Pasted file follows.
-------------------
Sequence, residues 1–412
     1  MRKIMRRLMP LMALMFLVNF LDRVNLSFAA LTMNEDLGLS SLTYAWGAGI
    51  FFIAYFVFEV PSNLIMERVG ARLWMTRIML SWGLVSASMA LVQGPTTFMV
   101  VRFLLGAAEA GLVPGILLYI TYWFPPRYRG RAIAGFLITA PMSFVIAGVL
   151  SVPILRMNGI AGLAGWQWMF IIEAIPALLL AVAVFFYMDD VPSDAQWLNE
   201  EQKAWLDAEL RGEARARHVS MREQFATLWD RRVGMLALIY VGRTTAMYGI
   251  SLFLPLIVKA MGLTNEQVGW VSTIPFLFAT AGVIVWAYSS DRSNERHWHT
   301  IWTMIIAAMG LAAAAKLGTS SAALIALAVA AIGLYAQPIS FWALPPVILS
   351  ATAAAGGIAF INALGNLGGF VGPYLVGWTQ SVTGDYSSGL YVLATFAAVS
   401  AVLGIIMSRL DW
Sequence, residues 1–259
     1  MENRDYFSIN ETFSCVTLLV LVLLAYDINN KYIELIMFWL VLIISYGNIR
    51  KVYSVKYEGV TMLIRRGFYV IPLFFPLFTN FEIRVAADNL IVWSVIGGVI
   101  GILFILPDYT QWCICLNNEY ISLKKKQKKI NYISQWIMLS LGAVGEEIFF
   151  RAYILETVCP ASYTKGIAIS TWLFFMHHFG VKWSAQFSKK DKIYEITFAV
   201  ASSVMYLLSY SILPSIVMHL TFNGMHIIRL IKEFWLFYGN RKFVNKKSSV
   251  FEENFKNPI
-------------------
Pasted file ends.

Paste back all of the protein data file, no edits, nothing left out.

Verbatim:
Sequence, residues 1–412
     1  MRKIMRRLMP LMALMFLVNF LDRVNLSFAA LTMNEDLGLS SLTYAWGAGI
    51  FFIAYFVFEV PSNLIMERVG ARLWMTRIML SWGLVSASMA LVQGPTTFMV
   101  VRFLLGAAEA GLVPGILLYI TYWFPPRYRG RAIAGFLITA PMSFVIAGVL
   151  SVPILRMNGI AGLAGWQWMF IIEAIPALLL AVAVFFYMDD VPSDAQWLNE
   201  EQKAWLDAEL RGEARARHVS MREQFATLWD RRVGMLALIY VGRTTAMYGI
   251  SLFLPLIVKA MGLTNEQVGW VSTIPFLFAT AGVIVWAYSS DRSNERHWHT
   301  IWTMIIAAMG LAAAAKLGTS SAALIALAVA AIGLYAQPIS FWALPPVILS
   351  ATAAAGGIAF INALGNLGGF VGPYLVGWTQ SVTGDYSSGL YVLATFAAVS
   401  AVLGIIMSRL DW
Sequence, residues 1–259
     1  MENRDYFSIN ETFSCVTLLV LVLLAYDINN KYIELIMFWL VLIISYGNIR
    51  KVYSVKYEGV TMLIRRGFYV IPLFFPLFTN FEIRVAADNL IVWSVIGGVI
   101  GILFILPDYT QWCICLNNEY ISLKKKQKKI NYISQWIMLS LGAVGEEIFF
   151  RAYILETVCP ASYTKGIAIS TWLFFMHHFG VKWSAQFSKK DKIYEITFAV
   201  ASSVMYLLSY SILPSIVMHL TFNGMHIIRL IKEFWLFYGN RKFVNKKSSV
   251  FEENFKNPI